Tsion Café-Ethiopian Yellow Pages
Tsion Café – Ethiopian Yellow Pages interior You may think you’re entering a cafe, but what’s hidden behind the doors of Tsion Cafe is a food and culture experience like no other in Sugar Hill. Once home to the famous Jimmy’s Chicken Shack club, Tsion Cafe has morphed delicious Ethiopian and Mediterranean inspired cuisines, International wine & beers, to fair trade Ethiopian coffees and teas, into a memorable speakeasy experience.
“A Sugar Hill experience that embodies art, music, and history with every bite. Tsion Cafe is a food centric artistic hub for many residents and one of the best kept destination spots for visitors.
Tsion Cafe interior. Come visit us and enjoy one of our many Ethiopian and Mediterranean food experiences each night of the week that includes: South African wine tastings, live music, art previews, film screenings and more.
We look forward to welcoming you soon.
Beejhy and Padmore
Check Out Our Menu
Tsion Café’s menu is influenced by the worldly travels of owner Beejhy Barhany. Our Ethiopian dishes, featuring Beejhy’s mom favorite spices and mixes, along lovely dishes and salads that speak so flavorfully of their Mediterranean beginnings and a selection of tasteful wines from her travels through South America. Come taste our menu to be transported across the world.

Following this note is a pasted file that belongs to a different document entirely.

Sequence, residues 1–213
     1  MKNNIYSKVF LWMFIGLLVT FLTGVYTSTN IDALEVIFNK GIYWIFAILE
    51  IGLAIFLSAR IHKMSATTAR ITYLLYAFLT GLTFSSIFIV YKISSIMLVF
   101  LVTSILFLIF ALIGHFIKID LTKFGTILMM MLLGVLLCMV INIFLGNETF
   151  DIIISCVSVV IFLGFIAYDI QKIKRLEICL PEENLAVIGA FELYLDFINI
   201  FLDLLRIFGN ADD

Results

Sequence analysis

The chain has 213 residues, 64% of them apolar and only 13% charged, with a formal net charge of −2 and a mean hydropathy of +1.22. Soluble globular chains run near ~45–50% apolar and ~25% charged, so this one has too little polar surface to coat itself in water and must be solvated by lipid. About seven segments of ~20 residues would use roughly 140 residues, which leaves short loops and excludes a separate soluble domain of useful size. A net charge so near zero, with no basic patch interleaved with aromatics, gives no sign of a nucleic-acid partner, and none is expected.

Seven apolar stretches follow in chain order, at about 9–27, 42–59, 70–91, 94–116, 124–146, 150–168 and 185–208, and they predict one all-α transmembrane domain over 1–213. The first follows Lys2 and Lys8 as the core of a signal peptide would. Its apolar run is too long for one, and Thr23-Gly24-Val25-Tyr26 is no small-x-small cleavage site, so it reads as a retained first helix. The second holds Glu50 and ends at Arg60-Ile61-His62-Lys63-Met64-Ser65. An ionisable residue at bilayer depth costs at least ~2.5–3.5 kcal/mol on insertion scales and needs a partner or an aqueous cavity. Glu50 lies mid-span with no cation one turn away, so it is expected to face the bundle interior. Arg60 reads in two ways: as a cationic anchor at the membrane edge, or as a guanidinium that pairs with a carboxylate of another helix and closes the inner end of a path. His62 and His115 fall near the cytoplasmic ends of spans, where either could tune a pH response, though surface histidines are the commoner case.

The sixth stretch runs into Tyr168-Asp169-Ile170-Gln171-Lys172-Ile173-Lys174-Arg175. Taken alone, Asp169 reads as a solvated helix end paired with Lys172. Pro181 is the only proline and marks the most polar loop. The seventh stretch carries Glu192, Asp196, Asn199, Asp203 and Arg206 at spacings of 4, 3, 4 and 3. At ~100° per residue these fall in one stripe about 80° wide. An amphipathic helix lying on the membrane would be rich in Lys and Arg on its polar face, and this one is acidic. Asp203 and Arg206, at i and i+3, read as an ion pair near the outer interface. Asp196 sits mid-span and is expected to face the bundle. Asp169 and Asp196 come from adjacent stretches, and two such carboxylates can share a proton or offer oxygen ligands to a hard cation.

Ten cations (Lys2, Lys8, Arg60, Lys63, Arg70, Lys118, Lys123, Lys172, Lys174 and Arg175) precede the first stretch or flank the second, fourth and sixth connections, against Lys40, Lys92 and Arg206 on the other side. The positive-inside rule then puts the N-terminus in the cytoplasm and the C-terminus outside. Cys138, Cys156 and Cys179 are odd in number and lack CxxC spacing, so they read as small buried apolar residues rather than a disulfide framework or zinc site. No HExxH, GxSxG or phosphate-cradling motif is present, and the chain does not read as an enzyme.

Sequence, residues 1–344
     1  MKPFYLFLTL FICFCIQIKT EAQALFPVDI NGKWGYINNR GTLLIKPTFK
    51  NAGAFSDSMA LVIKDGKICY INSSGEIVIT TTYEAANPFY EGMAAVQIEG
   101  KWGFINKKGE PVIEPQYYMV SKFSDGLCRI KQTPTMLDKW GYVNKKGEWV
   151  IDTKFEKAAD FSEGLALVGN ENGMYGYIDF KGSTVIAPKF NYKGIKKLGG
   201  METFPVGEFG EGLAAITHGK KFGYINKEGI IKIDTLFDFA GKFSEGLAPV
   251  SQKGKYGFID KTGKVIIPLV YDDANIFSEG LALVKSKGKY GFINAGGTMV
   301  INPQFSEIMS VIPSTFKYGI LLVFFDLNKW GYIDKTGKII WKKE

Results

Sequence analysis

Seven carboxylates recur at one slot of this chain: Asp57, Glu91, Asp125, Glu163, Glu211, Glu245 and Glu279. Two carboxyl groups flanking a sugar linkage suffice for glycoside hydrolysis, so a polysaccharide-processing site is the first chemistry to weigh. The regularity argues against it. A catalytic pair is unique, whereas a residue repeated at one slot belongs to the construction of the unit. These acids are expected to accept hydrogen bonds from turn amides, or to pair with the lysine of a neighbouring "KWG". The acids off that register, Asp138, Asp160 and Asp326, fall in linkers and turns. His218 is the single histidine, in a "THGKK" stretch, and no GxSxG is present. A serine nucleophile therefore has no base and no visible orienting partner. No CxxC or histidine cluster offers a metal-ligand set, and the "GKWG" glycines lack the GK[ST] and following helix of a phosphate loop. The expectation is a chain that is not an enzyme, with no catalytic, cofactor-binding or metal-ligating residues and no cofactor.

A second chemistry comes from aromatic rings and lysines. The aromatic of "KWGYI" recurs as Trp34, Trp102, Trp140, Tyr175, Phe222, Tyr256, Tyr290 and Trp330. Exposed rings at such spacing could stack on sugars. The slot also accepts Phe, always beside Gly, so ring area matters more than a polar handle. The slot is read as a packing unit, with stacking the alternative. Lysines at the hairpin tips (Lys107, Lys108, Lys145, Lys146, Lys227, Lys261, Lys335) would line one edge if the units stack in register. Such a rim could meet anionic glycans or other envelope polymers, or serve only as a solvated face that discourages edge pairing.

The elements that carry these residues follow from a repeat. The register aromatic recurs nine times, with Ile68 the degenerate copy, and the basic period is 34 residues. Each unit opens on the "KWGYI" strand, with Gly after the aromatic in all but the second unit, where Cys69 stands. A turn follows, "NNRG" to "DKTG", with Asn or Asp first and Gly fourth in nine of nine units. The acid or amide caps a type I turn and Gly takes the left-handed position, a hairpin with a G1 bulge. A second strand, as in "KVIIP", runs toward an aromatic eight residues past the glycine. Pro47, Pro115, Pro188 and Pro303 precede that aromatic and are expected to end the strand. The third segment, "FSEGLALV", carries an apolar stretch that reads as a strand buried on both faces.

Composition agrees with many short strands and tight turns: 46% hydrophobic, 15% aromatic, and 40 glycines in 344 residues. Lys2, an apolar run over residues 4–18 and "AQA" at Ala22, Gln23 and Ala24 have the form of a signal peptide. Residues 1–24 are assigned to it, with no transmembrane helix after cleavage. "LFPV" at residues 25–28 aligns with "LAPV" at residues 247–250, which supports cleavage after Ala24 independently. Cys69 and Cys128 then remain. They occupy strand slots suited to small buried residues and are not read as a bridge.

The Harlem restaurant is at its most interesting when different cultures that the owner has experienced—Ethiopian, Middle Eastern—come together in her excellent dishes.
History percolates just about everywhere in Harlem. At 148th and St. Nicholas, there’s a long basement that used to be home to Jimmy’s Chicken Shack, a joint frequented by jazz musicians, where Charlie Parker and Malcolm X once worked. These days, the hen-shaped sign that hung above the door is gone, replaced by an image of a smiling angel, more suitable for a place that’s now named for the center of a holy land: Tsion Café.Beejhy Barhany, Tsion’s co-owner, can usually be found behind the counter of this Sugar Hill restaurant. Her smile belies her journey. When she was a child, she and her family, who are part of a deep-rooted community of Ethiopian Jews called Beta Israelis, left East Africa on foot to get to Israel. When they arrived, they faced discrimination because they were black. Almost twenty years ago, Barhany decided to move to America, because she appreciated its diversity, and in 2014 she opened Tsion, transforming the Chicken Shack into a beautiful art-filled nook lined with blue banquettes which leads to a sunny back yard.
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